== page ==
Witches market in La Paz

We booked to cycle the Death Road with Gravity bike tours. To anyone who doesn’t know, the Death Road is a 60 km road linking La Paz and Yungas which when open to traffic used to see 300 deaths a year thanks to the single track, lack of guardrails and the steep descent / ascent.

The road is now closed to normal traffic and is instead used solely for cycling. Still just a few months prior to us cycling the route a cyclist had died, with rumours being that they were taking a selfie at the time.

We met up with Gravity at the same English Pub where we had been a few days earlier. We were excited and not at all worried about what lay ahead.

Until we saw who our guide was.

Yep, it was the drunk English guy that we had met previously. We looked at each other and wondered if it was too late to back out. Instead we crossed ourselves and prayed that we would get out alive.

You catch a minibus to the start of the route, this is a slightly uphill part which is actually on a working road. Due to the altitude of La Paz it is FREEZING up there – there was snow at the top. Despite all the gear provided And me wearing various layers, my Raynauds Syndrome got the better of me and I had to beg to be let into the minibus. Thankfully our guide was actually a really good guy and could see that I could ride a bike and actually understood my condition (kudos dude) and I got to ride to the start of the actual death road in the warm minibus.

Gravity lead the tour in the best possible way by stopping at incredibly regular intervals and giving regular safety talks and how to approach each section. I really can’t fault them and would like to apologise to our guide for initially misjudging him, he was absolutely brilliant. As the descent is 3500m, you start off freezing before descending into the humid jungle.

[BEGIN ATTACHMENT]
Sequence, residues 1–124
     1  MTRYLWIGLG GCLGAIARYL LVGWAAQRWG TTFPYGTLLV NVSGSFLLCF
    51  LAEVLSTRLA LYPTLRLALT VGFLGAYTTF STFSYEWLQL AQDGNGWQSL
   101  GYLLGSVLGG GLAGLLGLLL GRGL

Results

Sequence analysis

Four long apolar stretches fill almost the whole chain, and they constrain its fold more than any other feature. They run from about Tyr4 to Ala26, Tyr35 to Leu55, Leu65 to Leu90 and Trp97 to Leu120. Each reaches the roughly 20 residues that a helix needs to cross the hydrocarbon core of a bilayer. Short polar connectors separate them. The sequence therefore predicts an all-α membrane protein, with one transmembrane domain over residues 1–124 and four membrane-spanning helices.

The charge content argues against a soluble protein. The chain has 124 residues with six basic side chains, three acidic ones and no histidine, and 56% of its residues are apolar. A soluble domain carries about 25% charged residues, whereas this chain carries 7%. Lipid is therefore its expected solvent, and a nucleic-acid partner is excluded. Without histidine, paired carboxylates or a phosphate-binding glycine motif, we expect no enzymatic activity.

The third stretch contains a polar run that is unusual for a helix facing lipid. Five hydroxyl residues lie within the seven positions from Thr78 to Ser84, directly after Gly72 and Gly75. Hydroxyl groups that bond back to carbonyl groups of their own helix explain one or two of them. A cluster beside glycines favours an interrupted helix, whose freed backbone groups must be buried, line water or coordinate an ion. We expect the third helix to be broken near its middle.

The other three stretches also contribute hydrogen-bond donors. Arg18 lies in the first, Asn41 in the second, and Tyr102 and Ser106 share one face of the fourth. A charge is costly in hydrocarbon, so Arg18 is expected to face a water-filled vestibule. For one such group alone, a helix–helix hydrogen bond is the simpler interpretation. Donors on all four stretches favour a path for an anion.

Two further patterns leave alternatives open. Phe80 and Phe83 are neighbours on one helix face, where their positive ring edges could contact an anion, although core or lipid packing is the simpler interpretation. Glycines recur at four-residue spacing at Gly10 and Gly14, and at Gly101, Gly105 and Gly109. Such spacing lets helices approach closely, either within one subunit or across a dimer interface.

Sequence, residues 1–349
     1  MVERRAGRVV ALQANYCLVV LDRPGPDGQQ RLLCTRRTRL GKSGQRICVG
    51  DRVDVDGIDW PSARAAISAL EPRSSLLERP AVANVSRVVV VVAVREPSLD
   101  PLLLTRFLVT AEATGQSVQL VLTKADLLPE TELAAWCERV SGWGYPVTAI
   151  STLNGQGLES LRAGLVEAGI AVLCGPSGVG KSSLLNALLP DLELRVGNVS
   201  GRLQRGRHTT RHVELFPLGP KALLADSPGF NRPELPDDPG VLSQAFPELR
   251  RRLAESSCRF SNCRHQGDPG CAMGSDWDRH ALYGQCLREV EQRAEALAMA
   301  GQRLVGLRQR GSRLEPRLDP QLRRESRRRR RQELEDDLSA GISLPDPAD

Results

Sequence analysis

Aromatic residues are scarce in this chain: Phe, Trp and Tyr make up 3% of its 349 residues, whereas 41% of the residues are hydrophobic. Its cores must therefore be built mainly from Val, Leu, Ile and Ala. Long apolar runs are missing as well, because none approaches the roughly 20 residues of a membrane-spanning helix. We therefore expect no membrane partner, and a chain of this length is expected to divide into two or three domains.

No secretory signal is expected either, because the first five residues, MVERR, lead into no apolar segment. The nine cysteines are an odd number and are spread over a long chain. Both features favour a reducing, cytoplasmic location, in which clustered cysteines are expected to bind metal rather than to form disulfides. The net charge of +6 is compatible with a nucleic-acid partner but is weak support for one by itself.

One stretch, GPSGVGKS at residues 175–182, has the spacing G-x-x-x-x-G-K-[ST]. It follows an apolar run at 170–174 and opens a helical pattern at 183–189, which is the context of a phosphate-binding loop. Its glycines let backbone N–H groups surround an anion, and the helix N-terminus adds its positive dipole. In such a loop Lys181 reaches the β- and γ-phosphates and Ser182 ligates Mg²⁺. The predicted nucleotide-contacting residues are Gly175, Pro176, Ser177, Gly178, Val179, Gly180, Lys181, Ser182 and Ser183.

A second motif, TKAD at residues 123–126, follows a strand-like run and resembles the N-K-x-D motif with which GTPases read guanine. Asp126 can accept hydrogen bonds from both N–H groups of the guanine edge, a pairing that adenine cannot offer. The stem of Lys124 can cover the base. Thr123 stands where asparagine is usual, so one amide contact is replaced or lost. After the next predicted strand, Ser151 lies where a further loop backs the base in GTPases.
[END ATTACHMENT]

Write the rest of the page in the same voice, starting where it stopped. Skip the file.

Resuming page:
The day finishes with a trip to an animal refuge where you can meet various monkeys. be warned though – these creatures are strong! The day before one of the volunteers had had a piercing ripped from her ear. You’re told to secure all your personal belongings before entering the enclosure and this is strong advice. It’s also a pity as I wasn’t able to capture the moment that the alpha male reached out for Joey’s hand and walked hand in hand with him. Perhaps he mistook his bushy beard for a rival and was capturing him to dispose of him?!

From La Paz we caught the Bolivia Hop bus to Copacabana, the main Bolivian town on Lake Titicaca with the aim to cross the border to Peru safely. During our time in Bolivia we had heard so many horror stories about people getting robbed and scammed at the border we decided that this was the best way to do it. Lake Titicaca is the world’s highest navigable lake, at a height of just over 12,500 feet.

Many a traveller that we had met told us we should go to the Isla del Sol, so taking this option of the Bolivia Hop and staying a couple of days meant that we had the whole day to spend gently exploring the island. Our ‘gentle exploration’ started when we were dropped off at one end of the island at around 10am with the aim to get over to the other side of the island to catch the last boat back to the main land at around 4pm, the length of the hike was only around 5 miles so very doable in a few hours.

Or so we thought.

I repeat my statement that Lake Titicaca is the world’s highest navigable lake in the world. Potosi is only 1000 feet higher and all I did there was try and climb some stairs. The landscape on the Isla del Sol is extremely undulating and the sun was beating down on us, so what would ordinarily be a pleasant stroll became incredibly difficult. There are lots of ruins along the way for you to explore and the views are stunning but after a while as you go down another hill that you only have to climb again I started to tire. Alongside the hot sun, the altitude and the seemingly never ending undulation was the added surprise of having to pay around five separate tolls to cross the island! This and the pressure to get across to the other side of the island in time to catch the boat back to the shore or have to stay the night and miss our bus the next day made this hike one of our least enjoyable. Which led us to question why so many backpackers had recommended this to us?! Did they want others to suffer as they had before us? Our photos from our time on the island are stunning, so if you put the exertion and extortion behind you then it is worth a trip. As long as you are prepared for what lies ahead!

Having a rest on the Isla del Sol

After our experience on the Isla del Sol it was time to cross the border to Peru, find out how we got on with that here.